Vatican goes online in struggle against child abuse
The Vatican is turning to the Internet in its struggle against child abuse with a new website allowing clergy around the world to share information on eradicating the problem.
A key figure behind the initiative is German psychologist priest Hans Zollner from the Vatican's Gregorian University, who spoke to AFP about the need for fundamental changes in how the Catholic Church handles abuse cases.
"Bishops have to give priority to victims," said Zollner, a member of the order of Jesuits, often seen as intellectuals inside the Church.
"People working inside dioceses and religious orders should be taught to listen to them. All complaints have to be taken seriously," he said.
Zollner's university will host a conference next February at which the new e-learning centre is expected to be launched, with some 200 experts, diocesan officials and representatives of congregations attending.
It will be "a step ... on a long and painful path," Zollner said, adding the website would bring together the latest research on child abuse and Church laws, while allowing churches in different countries to have their say.
The website will be in five languages English, French, German, Italian and Spanish and the project is funded to last three years.
The Church is struggling to deal with rising anger and a string of lawsuits following thousands of abuse claims in Europe and the United States.
But many in the Church are concerned that the cases uncovered so far may only be the tip of the iceberg since abuses in much of the developing world -- including in Africa and Latin America -- have so far received little attention.
Pope Benedict XVI's ever stronger denunciations of abuse are bringing some changes, however, and national bishops conferences around the world are set to come up with common guidelines against paedophiles by May 2012.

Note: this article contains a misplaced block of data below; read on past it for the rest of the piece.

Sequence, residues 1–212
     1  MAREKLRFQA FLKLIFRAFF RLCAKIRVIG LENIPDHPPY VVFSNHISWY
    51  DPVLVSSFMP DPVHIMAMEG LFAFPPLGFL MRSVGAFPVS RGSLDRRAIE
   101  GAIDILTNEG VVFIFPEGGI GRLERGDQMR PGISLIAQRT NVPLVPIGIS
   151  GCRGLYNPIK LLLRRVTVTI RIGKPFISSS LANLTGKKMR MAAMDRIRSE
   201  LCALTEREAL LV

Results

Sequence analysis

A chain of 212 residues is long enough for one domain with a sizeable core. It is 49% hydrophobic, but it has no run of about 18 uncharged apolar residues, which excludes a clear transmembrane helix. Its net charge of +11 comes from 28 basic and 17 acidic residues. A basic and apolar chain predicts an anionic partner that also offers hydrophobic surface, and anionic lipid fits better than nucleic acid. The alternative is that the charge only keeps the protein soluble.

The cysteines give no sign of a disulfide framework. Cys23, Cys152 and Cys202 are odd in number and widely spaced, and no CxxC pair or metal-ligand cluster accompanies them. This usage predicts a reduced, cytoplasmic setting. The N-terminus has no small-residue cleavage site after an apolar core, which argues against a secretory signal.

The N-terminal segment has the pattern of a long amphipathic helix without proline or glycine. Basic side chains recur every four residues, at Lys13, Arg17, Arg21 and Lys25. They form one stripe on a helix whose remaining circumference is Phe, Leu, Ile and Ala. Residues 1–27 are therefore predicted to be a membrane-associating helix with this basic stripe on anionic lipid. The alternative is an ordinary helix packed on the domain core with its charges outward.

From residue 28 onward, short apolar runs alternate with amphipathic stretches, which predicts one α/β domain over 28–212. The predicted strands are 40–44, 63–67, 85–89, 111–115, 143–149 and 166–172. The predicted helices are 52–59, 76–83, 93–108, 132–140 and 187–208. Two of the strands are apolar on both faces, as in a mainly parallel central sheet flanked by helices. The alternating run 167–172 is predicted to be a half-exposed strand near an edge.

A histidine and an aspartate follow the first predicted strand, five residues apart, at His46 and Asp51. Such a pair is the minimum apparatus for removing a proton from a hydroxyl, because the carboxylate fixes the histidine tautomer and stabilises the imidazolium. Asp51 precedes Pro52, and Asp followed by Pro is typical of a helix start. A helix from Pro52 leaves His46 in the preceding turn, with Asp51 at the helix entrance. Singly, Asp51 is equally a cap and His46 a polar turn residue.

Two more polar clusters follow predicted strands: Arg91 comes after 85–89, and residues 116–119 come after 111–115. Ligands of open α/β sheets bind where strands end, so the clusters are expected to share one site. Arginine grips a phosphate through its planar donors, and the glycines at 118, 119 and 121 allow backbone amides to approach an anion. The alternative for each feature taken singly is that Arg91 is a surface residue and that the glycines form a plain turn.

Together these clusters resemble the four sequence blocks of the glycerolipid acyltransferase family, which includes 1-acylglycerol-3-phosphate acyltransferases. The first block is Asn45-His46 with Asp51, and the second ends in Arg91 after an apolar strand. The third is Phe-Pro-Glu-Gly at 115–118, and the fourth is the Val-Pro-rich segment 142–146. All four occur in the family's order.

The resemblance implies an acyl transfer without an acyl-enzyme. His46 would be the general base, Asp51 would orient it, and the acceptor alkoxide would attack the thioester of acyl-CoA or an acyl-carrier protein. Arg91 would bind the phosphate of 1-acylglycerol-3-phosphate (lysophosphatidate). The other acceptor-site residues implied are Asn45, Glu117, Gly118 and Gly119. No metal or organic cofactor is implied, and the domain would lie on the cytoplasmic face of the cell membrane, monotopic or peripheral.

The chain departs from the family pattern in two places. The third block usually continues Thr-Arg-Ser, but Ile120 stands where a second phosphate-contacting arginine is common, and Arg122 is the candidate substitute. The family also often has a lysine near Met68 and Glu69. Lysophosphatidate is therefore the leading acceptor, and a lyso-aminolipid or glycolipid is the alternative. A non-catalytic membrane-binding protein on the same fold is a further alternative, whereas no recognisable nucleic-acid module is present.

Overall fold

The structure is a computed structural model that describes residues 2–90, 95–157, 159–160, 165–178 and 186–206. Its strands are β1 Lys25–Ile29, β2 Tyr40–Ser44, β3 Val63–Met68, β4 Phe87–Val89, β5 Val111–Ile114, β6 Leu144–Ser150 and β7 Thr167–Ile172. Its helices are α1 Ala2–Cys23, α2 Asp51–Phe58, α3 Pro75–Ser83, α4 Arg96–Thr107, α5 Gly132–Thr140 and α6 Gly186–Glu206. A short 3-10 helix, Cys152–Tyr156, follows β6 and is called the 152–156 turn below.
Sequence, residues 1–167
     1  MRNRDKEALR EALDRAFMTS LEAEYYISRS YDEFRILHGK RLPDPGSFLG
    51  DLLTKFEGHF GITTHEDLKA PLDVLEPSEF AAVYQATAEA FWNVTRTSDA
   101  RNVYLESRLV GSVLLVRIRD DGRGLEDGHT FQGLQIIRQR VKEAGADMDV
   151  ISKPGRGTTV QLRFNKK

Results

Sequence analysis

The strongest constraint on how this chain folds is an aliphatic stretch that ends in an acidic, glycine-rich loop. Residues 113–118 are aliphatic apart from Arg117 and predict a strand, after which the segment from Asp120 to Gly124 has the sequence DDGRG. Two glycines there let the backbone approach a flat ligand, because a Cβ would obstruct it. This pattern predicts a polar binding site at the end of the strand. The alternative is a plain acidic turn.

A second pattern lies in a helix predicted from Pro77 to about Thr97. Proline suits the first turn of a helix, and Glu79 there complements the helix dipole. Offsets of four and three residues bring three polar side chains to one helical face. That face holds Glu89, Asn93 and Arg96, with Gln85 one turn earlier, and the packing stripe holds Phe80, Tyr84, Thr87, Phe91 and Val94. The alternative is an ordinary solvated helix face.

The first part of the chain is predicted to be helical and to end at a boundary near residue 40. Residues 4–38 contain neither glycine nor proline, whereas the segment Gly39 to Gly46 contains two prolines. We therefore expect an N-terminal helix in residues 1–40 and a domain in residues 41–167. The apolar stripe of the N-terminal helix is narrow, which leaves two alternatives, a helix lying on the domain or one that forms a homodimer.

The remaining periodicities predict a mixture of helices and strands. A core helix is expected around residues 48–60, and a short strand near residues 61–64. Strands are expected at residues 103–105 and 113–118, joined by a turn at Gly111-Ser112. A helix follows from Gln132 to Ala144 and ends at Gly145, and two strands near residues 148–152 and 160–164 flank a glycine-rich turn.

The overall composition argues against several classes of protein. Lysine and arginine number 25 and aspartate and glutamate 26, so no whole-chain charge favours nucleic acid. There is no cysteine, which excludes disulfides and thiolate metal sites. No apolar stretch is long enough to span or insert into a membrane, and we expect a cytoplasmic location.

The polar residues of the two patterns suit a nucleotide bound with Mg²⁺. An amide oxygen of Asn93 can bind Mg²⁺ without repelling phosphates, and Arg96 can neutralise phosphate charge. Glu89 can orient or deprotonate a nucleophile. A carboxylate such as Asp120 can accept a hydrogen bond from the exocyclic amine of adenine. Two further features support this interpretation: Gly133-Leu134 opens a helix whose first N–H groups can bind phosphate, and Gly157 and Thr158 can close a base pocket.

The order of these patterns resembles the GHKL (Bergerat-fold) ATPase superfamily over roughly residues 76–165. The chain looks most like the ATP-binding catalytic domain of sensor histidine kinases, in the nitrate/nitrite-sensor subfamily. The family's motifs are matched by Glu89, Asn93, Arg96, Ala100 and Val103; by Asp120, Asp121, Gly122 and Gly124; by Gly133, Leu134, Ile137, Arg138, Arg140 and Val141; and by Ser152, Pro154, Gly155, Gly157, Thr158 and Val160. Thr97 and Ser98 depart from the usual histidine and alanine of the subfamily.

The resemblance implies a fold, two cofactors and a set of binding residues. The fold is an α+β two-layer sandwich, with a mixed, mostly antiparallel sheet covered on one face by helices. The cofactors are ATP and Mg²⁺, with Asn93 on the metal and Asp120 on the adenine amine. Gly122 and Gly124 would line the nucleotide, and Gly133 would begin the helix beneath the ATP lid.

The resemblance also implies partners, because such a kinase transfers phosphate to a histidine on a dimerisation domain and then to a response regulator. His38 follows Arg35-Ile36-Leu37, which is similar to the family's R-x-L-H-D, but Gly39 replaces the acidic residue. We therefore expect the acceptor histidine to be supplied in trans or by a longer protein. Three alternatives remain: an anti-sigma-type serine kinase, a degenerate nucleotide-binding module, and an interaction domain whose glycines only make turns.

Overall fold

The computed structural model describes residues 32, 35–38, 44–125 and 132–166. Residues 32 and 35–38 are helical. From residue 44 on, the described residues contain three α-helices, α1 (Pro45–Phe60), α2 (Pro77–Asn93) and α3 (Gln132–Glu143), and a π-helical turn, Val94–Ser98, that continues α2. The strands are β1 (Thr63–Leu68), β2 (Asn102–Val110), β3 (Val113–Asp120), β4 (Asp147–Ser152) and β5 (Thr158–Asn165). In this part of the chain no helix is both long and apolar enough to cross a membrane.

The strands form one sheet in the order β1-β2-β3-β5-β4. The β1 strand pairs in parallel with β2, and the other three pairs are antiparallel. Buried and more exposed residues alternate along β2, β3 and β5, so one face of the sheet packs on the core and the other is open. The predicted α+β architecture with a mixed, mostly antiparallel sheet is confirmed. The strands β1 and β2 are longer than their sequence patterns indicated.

Zollner explained the process is slow and complex because of wide variations in national laws and the need for international coordination.
"The general sensitivity to the problem has clearly increased," he said.
"But the Church is not a monolithic block. Sensitivities are very different. A critical point appears to have been reached," he added.
"Many bishops are now saying: 'We have to act'. There needs to be a more consistent and coordinated response as wanted by the Holy Father."
The common agreement in the Church is that those responsible "must receive their punishment according to Church law and criminal law," he said.
Among the changes Zollner has been working on, is stricter psychological tests for would-be priests to identify possible abusers.
The e-learning centre will make use of research from the child and adolescent psychiatry department at Ulm university in Germany, he said.
Abuse victims groups have accused the Vatican of failing to take the problem of paedophilia seriously early on, of not cooperating with police and allowing priests and bishops who covered up for abusers to go unpunished.
"For almost all victims, the most important thing is to be heard by a representative of the institution whose members have hurt them," Zollner said.
Victims "should have the chance to express all their pain, anger, depression and fears to an official representative of the Church," he added.
"The pope's stance is there should no longer be priests who are protected and moved along. The Church must no longer give the impression it is shielding the perpetrators as it has often been seen as doing in the past," he said.
The Jesuit father added: "It makes the victims suffer a second time."
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